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Reinventing the steel

By MIKE COTTON  |  June 14, 2006


Brandon Routh, Kevin Spacey, and director Bryan Singer.
The first time Spacey worked with Singer — on 1995’s The Usual Suspects — Spacey walked away with a Best Supporting Actor Oscar. And there’s a bit of the fallen capitalist in Superman Returns. Luthor isn’t quite the comic, cartoony version portrayed by Gene Hackman in the original films: the man tearing around the set in a golf cart is taking care of that. “There’s no doubt that Hackman was fabulous,” explains Spacey, “and I’d say that the main difference is that this is a much darker Lex. So although there’s still a lot of humor in it and it still has those expectations of high comedy, I think this is just a deeper and darker telling of this particular story that Bryan and the writers created.”

Spacey is dressed in a pure white cashmere coat and a perfectly-tailored suit for the role of the bald, billionaire criminal mastermind. “It’s a Lex out for revenge,” he continues. “His argument is, ‘Superman is God-like, so he saves people, but he doesn’t give people what they need to save themselves.’ And I think Lex has a slightly more capitalistic view, which is, ‘Give people what they want.’ And Lex wants his share of it.”

Lex isn’t the only one with his eye on the bottom line. Several of last summer’s high-profile, star-studded blockbusters didn’t translate into boffo box office — so along with Warner Bros’ nearly-$200-million budget and massive special effects investment comes no small amount of pressure to deliver. As always, it’s a high-stakes gamble.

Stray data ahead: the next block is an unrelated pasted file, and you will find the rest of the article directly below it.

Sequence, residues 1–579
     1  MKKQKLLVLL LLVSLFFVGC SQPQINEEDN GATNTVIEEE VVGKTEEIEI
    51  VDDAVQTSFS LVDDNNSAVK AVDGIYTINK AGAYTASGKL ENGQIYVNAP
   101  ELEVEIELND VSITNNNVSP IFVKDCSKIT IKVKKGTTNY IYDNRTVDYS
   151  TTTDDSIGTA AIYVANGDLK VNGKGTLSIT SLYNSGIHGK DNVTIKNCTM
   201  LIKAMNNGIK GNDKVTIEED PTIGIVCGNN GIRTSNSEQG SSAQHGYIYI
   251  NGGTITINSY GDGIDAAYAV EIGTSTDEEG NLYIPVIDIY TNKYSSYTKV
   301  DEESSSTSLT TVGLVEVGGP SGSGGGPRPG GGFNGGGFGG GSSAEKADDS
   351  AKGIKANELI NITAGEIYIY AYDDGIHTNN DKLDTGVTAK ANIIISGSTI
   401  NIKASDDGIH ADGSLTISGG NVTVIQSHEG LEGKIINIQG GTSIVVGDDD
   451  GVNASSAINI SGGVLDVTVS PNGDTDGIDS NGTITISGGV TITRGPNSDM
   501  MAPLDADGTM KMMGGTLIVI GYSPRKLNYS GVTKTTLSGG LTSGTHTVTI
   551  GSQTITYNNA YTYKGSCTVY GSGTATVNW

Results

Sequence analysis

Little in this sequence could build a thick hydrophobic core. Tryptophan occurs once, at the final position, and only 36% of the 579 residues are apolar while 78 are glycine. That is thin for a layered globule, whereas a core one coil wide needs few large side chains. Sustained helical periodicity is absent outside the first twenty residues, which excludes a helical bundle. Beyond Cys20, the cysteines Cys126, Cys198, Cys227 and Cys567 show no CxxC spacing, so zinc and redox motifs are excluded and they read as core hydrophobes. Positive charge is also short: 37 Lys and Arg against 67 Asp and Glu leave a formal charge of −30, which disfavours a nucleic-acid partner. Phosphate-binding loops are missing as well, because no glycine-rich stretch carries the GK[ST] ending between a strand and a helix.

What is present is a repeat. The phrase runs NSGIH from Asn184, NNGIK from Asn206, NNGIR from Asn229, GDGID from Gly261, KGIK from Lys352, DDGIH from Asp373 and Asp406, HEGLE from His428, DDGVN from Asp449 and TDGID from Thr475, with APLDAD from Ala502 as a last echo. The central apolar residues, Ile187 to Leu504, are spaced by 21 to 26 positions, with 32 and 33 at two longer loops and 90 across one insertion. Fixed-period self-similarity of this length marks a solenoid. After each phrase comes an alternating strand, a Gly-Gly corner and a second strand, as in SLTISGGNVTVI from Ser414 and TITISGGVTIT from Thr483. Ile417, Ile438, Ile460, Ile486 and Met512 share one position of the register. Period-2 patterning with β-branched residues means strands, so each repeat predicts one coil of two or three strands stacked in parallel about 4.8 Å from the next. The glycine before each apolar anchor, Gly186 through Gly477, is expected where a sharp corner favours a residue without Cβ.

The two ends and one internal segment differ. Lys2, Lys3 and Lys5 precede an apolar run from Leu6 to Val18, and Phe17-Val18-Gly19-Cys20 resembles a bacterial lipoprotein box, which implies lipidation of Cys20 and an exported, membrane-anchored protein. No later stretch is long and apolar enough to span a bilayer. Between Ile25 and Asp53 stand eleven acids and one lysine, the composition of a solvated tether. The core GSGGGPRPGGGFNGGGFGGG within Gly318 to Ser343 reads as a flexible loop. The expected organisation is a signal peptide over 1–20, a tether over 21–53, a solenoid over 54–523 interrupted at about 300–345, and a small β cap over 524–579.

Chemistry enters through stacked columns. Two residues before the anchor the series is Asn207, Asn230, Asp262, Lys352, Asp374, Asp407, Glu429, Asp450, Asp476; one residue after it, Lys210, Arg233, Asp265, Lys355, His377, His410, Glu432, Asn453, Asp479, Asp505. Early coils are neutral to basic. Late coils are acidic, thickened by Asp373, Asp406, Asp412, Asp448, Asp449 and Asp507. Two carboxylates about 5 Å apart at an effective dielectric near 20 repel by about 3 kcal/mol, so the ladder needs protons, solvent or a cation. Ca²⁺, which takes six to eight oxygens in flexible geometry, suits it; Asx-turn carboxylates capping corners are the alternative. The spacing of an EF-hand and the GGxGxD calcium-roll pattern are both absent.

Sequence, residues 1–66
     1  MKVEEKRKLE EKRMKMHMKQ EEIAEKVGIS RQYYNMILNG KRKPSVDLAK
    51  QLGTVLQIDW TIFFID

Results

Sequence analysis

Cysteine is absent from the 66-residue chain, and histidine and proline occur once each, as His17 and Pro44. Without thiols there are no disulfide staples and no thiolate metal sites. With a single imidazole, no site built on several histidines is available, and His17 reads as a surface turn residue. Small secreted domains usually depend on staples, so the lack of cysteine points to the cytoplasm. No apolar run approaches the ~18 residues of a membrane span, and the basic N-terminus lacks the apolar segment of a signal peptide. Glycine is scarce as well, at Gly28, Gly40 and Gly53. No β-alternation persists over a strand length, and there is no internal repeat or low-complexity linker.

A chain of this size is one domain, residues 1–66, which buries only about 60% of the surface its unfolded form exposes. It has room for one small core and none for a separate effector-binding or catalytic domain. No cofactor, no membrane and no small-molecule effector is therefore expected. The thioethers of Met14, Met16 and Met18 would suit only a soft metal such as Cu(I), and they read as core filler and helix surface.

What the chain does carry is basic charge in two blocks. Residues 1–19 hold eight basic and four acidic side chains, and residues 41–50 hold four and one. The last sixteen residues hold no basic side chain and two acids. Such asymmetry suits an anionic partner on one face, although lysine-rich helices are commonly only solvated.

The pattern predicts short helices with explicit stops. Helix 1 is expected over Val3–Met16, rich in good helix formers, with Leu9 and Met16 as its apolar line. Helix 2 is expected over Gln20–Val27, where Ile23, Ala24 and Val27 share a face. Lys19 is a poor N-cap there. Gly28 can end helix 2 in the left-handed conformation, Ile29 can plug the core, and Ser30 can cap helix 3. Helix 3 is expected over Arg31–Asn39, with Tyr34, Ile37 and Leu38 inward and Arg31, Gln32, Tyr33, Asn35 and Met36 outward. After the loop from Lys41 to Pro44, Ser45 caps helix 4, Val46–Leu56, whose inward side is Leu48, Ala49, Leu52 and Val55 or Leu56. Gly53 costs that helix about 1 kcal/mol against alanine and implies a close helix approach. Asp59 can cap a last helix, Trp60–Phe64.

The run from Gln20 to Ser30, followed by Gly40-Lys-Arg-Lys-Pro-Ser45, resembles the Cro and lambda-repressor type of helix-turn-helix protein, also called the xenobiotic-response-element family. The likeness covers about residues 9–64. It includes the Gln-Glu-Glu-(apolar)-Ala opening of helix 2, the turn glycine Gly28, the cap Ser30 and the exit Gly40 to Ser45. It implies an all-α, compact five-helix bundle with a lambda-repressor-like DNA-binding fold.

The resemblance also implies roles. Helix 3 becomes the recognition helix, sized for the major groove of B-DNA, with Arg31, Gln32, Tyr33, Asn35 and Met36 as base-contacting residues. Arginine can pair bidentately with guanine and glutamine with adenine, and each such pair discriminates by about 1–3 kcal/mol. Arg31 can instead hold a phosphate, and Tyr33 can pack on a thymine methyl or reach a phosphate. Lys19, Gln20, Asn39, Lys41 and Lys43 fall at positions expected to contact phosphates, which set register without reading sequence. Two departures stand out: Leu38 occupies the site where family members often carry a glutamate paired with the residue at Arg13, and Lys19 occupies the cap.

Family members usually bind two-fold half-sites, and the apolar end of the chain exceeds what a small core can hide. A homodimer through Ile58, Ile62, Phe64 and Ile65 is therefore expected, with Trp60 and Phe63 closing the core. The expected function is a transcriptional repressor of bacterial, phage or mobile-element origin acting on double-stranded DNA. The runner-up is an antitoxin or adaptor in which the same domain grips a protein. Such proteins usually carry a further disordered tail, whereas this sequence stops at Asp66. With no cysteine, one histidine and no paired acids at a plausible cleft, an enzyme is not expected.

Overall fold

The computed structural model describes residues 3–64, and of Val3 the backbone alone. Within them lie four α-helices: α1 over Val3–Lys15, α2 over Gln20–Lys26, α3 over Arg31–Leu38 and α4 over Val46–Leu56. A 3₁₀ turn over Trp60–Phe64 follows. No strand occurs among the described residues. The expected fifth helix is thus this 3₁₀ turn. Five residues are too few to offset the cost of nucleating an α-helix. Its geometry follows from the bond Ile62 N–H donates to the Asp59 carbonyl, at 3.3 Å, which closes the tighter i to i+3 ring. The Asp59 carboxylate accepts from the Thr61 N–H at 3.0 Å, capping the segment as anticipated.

But you’d never know if from the principals, who are — for the time being, here on the set, before the marketing blitz begins in earnest — esconced in their own world. Back on set, Singer is adjusting Routh’s Super-suit like a mother sending her only child off to school for the first time. “The movie has a lot of heart,” says Routh. “There’s action and excitement, but there’s a story here, a drama. The more that you care about the good guy and the people around him, the more tense the film is and the more anxious you get and all of those feelings and all the adrenaline you get when he’s threatened. I think people are going to like it. And I hope people like me in it.”
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